A local hospital is seeing a baby boom among its nurses.
There are 16 nurses at UnityPoint Health Trinity who are expecting.
All due between May and October.
The last time the hospital saw a baby boom among the nurses was 15 years ago.
At that time, a dozen nurses were expecting.
“Some individuals are probably planned, and some are unexpected,” says Cherie Saldana, nurse manager at the hospital.
The nurses at UnityPoint Health Trinity are not only saving lives, but they’re also giving the gift of life 16 times.
“Right now, we have a total of about 16. We’re anticipating a couple more staff members to come forward soon with confirmed pregnancies. So, 16 within our whole division,” says Saldana.
16 women all due between May and October.
“It was kind of just funny in the moment. It was like another added to the list. We just keep the running tally, like every time we hear someone else is pregnant, it’s just funny at this point,” says Molly Wyckoff, labor and delivery nurse.
For some, it’s their first. For others, it’s their second.
“I have a one and a half year old son at home. So, it was kind of a surprise for me too. We didn’t plan to do that so closely, but they’ll be close. It’ll be fun,” says Kristin Robb, labor and delivery nurse.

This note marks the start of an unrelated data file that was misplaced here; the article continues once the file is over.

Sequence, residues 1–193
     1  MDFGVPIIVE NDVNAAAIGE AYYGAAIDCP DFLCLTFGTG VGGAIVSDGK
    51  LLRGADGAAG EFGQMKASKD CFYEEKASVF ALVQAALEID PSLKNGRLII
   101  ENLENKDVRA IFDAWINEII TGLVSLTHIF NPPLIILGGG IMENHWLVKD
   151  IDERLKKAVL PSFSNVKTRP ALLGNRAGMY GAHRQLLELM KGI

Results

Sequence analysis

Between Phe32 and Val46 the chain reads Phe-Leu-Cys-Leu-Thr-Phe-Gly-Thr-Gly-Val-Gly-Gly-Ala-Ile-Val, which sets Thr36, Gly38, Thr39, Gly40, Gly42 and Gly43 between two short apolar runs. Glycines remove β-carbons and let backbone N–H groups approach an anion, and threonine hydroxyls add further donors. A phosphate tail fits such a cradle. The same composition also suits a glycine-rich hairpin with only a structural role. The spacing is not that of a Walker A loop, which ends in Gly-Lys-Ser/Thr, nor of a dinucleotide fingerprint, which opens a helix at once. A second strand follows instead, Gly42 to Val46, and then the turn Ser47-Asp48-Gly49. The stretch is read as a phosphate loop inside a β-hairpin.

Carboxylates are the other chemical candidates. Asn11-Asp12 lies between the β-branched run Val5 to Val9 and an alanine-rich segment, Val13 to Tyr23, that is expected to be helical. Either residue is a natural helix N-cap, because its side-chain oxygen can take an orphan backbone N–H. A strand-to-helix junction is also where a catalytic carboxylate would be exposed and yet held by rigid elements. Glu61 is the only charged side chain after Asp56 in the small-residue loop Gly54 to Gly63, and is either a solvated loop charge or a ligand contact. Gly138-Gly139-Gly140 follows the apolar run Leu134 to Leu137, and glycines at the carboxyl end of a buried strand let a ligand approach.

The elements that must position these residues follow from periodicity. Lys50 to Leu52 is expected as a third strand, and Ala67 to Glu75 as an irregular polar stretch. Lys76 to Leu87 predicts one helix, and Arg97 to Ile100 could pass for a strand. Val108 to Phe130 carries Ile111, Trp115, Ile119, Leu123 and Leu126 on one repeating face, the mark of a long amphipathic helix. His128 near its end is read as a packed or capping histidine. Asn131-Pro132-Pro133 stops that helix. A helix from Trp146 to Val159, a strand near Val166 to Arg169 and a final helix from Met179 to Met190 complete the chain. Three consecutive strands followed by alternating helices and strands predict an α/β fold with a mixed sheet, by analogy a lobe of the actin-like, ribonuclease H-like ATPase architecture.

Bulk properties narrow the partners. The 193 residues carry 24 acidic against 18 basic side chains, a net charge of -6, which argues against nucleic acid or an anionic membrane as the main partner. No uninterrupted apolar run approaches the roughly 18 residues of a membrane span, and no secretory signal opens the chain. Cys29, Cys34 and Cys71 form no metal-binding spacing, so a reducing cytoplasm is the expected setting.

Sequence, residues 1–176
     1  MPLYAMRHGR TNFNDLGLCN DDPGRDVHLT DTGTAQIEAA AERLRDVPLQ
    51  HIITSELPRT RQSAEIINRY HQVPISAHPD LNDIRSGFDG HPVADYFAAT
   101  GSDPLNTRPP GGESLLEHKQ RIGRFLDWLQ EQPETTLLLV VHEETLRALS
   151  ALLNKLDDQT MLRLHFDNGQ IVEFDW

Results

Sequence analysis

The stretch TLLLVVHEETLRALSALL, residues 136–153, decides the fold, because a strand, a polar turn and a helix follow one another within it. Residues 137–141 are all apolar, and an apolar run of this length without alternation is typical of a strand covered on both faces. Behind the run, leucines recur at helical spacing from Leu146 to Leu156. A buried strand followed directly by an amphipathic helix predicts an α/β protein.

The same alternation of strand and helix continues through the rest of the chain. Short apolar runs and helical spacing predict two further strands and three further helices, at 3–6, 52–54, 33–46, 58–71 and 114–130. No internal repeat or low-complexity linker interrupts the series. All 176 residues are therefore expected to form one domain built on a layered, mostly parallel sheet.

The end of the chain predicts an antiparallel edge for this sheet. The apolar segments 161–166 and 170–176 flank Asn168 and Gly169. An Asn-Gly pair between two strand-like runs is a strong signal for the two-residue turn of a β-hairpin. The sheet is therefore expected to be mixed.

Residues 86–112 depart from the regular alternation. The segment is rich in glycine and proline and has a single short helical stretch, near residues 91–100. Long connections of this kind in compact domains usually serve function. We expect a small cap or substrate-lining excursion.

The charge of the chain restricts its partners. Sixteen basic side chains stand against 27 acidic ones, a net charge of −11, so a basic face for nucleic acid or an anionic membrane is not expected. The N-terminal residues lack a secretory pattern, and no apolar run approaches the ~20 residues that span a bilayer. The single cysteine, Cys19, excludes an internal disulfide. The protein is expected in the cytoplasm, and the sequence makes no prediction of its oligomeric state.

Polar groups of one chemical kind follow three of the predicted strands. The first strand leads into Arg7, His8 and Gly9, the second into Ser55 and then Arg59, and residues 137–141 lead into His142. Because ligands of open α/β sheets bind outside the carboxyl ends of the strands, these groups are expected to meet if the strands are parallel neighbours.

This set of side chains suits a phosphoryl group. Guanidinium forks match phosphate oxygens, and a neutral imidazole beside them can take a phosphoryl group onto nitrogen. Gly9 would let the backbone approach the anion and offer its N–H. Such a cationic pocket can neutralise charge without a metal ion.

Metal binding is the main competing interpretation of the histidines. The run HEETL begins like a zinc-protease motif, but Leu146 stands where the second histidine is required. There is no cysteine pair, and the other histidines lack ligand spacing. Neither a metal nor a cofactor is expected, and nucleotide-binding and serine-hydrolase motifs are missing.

Either way, they have the ultimate support system.
They’re happy to have each other on their journey to motherhood.
“There’s one other nurse in labor and delivery over here that’s within two weeks of me, so it’s been nice for us to be able to kind of communicate with each other,” says Robb.
Balinda Loomis, NICU nurse, says, “Being able to say, ‘Hey, did you experience this? And how do you feel about everything that’s going on?’ and just being able to relate with them is nice to have.”
With the bellies growing by the day, and due dates fast approaching, it’s pretty much an endless celebration of new life and new beginnings.
“We’re here to provide care for all those in the community, including our employees, and we’re just honored to be able to be part of this,” says Saldana.
Hospital managers say the due dates are staggered enough that it won’t impact staffing.
There will also be floating nurses to fill in different positions when nurses are on maternity leave.